Panel Paper: Economic Circumstances of Individuals Who Exhausted U.I. Benefits

Friday, November 9, 2012 : 2:00 PM
Baltimore Theatre (Radisson Plaza Lord Baltimore Hotel)

*Names in bold indicate Presenter

Gale Harris, Rhiannon Claire Patterson and Yunsian Tai, U.S. Government Accountability Office

During the period 2007 to 2009, 15 million people were displaced from jobs, according to data from the Census Bureau’s Displaced Workers Supplement. Despite federal and state actions to temporarily extend Unemployment Insurance (UI) benefits from the normal 26 weeks to up to 99 weeks for certain individuals, many workers exhaust their UI benefits without finding a new job. This raises questions about: (1) the economic circumstances of UI exhaustees, (2) how other safety net programs, such as Temporary Assistance for Needy Families (TANF) and the Supplemental Nutrition Assistance Program (SNAP), have aided UI exhaustees, and (3) the efforts of state UI agencies to connect those exhausting UI to these programs.

GAO merged individual data from the 2010 Displaced Worker Supplement with the Annual Social and Economic Supplement to examine the employment status and economic circumstances of UI exhaustees.  We found that many faced unemployment and difficult circumstances. Among the 2 million people who lost jobs from 2007 and 2009 and had exhausted UI by January 2010, 46 percent were unemployed at the time of the interview. Most exhaustees, however, appeared to have worked at some point in 2009 or to have been supported by another household member who was working, and about 40 percent had some income from assets. Nevertheless, UI exhaustees’ had high poverty rates —18 percent compared to 13 percent among all working-age adults in 2009, and more than 40 percent had incomes of below 200 percent of the federal poverty threshold.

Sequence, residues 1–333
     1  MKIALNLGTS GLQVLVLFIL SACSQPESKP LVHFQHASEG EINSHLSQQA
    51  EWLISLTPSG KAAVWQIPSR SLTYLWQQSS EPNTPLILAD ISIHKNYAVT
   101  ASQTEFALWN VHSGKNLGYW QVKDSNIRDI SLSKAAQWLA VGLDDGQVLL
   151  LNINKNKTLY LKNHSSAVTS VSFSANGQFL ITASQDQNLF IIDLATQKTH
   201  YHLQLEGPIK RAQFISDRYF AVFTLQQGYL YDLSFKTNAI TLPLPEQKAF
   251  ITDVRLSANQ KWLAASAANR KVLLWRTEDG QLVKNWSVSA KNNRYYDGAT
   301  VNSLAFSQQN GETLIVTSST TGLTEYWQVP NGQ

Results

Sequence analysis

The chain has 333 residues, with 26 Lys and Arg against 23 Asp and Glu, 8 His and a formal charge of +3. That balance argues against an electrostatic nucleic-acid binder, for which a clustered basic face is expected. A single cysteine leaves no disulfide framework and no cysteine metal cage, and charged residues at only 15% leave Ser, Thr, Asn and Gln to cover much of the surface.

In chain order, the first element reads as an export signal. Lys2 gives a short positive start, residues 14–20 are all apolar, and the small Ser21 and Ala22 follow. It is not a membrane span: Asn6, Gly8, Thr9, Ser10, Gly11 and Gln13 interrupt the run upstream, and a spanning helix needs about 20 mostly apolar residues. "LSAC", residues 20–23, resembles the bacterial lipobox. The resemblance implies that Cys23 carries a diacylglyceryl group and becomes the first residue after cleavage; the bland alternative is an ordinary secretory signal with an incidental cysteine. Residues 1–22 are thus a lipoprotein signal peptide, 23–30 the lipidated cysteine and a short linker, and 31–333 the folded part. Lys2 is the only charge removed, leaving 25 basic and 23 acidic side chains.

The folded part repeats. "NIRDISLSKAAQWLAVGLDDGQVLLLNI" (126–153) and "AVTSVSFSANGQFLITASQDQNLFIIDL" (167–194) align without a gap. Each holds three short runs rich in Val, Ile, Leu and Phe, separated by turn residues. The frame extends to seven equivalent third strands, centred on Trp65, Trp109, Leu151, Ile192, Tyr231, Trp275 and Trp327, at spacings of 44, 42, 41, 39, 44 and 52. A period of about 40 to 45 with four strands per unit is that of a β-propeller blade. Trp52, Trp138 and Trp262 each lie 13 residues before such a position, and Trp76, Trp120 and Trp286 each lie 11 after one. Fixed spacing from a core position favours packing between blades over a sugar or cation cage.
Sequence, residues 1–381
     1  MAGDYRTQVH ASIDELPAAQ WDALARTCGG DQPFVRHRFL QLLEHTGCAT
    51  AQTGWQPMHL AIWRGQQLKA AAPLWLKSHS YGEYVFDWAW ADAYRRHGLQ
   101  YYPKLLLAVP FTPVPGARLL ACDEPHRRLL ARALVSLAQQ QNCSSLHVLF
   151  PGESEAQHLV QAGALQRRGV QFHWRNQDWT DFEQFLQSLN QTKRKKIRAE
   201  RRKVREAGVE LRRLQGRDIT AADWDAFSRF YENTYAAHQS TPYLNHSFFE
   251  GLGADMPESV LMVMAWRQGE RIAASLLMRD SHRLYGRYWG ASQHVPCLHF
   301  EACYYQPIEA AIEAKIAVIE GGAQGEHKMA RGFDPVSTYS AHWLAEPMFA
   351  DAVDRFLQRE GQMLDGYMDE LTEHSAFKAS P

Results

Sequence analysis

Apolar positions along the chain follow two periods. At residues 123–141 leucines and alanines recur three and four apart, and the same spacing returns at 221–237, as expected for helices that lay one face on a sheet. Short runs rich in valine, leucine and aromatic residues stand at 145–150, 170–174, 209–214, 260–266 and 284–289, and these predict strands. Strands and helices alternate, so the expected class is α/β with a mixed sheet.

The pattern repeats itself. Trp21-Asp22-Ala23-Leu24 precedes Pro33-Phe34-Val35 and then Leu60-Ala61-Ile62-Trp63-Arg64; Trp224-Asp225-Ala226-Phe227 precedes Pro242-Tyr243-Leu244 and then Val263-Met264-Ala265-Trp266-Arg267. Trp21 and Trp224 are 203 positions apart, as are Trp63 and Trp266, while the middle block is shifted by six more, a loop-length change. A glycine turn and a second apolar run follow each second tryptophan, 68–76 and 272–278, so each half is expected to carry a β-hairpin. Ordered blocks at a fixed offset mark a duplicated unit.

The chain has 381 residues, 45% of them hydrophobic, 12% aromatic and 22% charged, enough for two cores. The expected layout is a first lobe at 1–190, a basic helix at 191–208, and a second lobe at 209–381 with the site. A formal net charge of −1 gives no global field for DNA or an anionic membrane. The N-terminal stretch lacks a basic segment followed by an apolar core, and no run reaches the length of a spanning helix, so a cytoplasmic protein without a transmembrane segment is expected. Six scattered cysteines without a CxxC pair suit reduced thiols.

UI exhaustees have turned to two main programs for support, Social Security and SNAP. Specifically, 18 percent of UI exhaustees’ households received Social Security retirement, disability insurance, or survivors benefits in 2009, and 15 percent received SNAP benefits. Relatively few (less than 3 percent) of exhaustee households received TANF cash benefits, which is generally targeted to very low-income families with children. However, most exhaustees would have been unlikely to qualify for TANF because they did not have minor children. Some exhaustee households also received Supplemental Security Income, veterans, and workers compensation benefits.

GAO conducted a survey of state UI agencies to examine whether states make efforts to connect those exhausting benefits to other support programs.  While there are no federal requirements and no federal UI funds allocated for this purpose, GAO’s survey suggests that most (45) state agencies made some efforts to do so. UI agencies made these connections in a variety of ways, such as through websites, mailings, staff referrals, and interagency coordination. For example, some states developed notices or websites informing UI exhaustees about a range of government programs and community resources, including food assistance, cash assistance, health insurance, foreclosure prevention, and job search services. In one state, the UI agency shared data with the workforce development and human services agencies so that those agencies could target subsidized employment and SNAP benefits to UI exhaustees. Another state has a multiagency workgroup to develop coordinated outreach strategies for UI exhaustees, which includes representatives from social, health, veterans, commerce, higher education, and workforce agencies

Full Paper: